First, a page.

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NPR Retracts Apple Factory Exposé But Many Horrific Truths Still Remain
On Friday, NPR’s This American Life retracted its most popular episode ever (888,000 downloads): a stunning exposé of Apple’s employee abuses at Foxconn Technology, their supplier in Shenzen, China. The radio episode in question aired an excerpt from performance artist and monologuist Mike Daisey’s acclaimed one-man-show, “The Agony and Ecstasy of Steve Jobs.” In the show and in interviews with Ira Glass, Daisey claimed to have witnessed or heard firsthand reports of human rights abuses at Foxconn. But when Marketplace reporter Rob Schmitz revealed that in fact several details in Daisey’s account were falsified, TAL retracted their show, airing a new interview with Daisey, who after a great deal of hedging, admitted to several lies. However, he justified his actions in his blog, “My show is a theatrical piece whose goal is to create a human connection between our gorgeous devices and the brutal circumstances from which they emerge.”
Would you boycott Apple products to force them to raise labor & environmental protections?
- 335 Votes YES - Labor abuse is unacceptable in the name of technological progress.
- 133 Votes NO - Apple's foreign labor policies are no worse than those of any other electronics manufacturer.
- 19 Votes NO - I don't support Apple's labor policies but I need my iPhone!
Total Voters: 487
Until TAL aired this episode, most Americans had never heard of Foxconn or Shenzen, the place where an estimated 40 percent of the world’s consumer electronics are created by over one million workers— not only for Apple but also for Amazon, Dell, Hewlett-Packard, Intel, I.B.M., Lenovo, Microsoft, Motorola, Netgear, Nintendo, Nokia and Samsung, Sharp, and Vizio, among others. Sadly, this only gave more ammunition to those who would like to bury some of the real truths that were brought to light by Mike Daisey and the many honest reporters who investigated this story over the years.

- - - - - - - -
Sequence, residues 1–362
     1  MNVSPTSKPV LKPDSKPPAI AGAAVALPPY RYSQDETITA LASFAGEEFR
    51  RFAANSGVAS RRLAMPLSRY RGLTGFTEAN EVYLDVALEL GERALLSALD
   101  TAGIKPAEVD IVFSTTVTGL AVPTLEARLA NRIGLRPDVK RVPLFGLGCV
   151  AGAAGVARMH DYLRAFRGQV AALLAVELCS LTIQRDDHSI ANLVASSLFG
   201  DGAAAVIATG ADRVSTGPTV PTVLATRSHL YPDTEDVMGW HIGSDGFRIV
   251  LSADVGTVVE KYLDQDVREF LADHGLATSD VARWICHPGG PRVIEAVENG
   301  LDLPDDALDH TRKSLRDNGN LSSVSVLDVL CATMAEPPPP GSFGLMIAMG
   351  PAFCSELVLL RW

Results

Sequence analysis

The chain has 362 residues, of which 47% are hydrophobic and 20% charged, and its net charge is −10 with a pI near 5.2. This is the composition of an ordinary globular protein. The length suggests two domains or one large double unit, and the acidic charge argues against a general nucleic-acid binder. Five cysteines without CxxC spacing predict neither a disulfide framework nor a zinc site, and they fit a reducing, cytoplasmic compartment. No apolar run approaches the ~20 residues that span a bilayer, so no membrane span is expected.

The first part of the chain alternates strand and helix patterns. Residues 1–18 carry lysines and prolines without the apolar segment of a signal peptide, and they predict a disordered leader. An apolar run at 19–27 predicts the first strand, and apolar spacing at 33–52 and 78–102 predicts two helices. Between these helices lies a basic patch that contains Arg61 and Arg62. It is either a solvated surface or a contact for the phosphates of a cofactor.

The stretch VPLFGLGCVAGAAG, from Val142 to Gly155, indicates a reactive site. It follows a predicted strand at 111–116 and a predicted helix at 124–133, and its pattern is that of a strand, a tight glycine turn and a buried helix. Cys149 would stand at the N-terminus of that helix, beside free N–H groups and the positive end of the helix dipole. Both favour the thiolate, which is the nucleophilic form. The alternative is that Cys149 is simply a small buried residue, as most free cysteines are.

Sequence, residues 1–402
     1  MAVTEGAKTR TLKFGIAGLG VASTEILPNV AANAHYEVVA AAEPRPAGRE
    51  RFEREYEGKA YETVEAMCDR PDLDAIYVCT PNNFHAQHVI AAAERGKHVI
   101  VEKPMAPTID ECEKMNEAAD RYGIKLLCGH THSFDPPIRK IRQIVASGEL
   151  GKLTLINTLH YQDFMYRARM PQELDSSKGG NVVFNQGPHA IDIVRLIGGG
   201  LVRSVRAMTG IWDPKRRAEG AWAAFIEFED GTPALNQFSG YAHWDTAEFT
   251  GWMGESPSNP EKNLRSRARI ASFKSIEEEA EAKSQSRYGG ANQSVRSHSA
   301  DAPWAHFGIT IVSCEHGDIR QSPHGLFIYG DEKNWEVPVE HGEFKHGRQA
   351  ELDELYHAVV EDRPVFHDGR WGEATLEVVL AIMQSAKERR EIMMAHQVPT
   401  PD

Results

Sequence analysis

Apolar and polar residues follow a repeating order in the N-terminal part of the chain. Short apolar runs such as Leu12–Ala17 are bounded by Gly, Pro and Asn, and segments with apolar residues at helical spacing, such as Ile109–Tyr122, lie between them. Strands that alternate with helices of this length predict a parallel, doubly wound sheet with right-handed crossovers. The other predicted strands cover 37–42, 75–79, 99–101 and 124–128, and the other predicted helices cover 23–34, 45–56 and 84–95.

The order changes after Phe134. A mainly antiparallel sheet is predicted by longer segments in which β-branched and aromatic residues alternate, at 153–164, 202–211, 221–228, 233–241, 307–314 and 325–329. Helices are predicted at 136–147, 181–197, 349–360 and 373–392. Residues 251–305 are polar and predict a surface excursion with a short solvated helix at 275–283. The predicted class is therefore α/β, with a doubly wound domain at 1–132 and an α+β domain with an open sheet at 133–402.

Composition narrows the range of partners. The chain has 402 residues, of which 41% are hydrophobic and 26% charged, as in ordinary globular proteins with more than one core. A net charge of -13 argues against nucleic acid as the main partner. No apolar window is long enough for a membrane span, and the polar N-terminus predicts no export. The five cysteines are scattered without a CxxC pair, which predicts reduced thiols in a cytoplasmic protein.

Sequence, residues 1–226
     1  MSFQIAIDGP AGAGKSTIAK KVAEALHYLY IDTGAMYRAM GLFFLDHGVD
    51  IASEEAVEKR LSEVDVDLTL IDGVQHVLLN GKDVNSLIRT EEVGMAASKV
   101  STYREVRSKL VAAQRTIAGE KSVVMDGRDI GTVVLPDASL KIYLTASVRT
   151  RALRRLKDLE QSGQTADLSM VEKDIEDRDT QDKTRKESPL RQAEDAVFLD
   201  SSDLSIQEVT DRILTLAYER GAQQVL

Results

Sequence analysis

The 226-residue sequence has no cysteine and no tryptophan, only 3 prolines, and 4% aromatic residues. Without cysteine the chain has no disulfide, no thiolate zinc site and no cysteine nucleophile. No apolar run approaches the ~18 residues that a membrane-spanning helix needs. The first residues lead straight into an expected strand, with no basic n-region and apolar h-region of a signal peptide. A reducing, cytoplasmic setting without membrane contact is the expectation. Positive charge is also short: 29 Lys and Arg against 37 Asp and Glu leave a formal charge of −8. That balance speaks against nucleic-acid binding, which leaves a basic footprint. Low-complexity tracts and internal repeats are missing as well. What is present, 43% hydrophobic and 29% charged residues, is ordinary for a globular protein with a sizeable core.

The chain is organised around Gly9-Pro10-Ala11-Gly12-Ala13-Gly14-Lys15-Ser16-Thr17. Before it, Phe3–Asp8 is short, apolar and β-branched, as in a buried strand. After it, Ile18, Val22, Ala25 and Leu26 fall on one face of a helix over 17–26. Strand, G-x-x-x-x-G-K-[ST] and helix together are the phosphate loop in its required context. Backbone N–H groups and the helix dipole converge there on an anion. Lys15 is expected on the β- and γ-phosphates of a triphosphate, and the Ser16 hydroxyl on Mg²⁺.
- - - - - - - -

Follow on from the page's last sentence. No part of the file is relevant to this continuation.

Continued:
Here are the facts which remain well-documented:
- Over fifty percent of workers surveyed work over 60 hours per week. Some reports reveal that it is not uncommon for workers to work two twelve hour shifts back-to-back.
- 16 is the legal working age, although underage workers have been found by Apple inspectors and others. (Companies are known to falsify documents.)
- Workers live in cramped and barren dormitories housing 6-8 people per room, in company dorms that house 70,000 employees.
- Many workers experience leg pain, swelling, and serious repetitive stress injuries from standing or doing repetitive tasks, when they could easily be rotated or given more comfortable work-stations.
- 5. Apple has admitted to improper disposal of hazardous waste at many suppliers.
- Apple knowingly ignored hazardous aluminum dust pollution which ultimately led to two explosions killing four and injuring 77 employees.
- Apple’s own audits show that hundreds of employees were poisoned by n-Hexane in 2010 a chemical that causes nerve damage and paralysis. Apple claimed to have treated and monitored the patients, and fixed the ventilation at the plant in question. But the New York Times interviewed workers who were pressured to resign, take cash settlements and were never contacted about medical care. (These interviews prompted promises from Apple to do more.)
- 18 suicide attempts occurred at Foxconn over a two year period between 2008-2010 when workers “fell or jumped” from the building. One of these attempts occurred “…reportedly after losing an iPhone prototype.”
While Daisey should be taken to account for passing off theater (or a creative non-fiction monologue) as journalism, this does not diminish the fact that the abuses that are occurring at Foxconn and sweatshops globally should not be tolerated by American consumers.
Skeptics argue that Foxconn offers up good work for poor, uneducated, and unemployed Chinese citizens. David Pogue of the New York Times writes, “Apparently, even those conditions, so abhorrent to us, are actually better than these workers’ alternatives: backbreaking rural farm work…” Even Ira Glass began to wonder in his retraction, “Wait, should I feel bad about this?”
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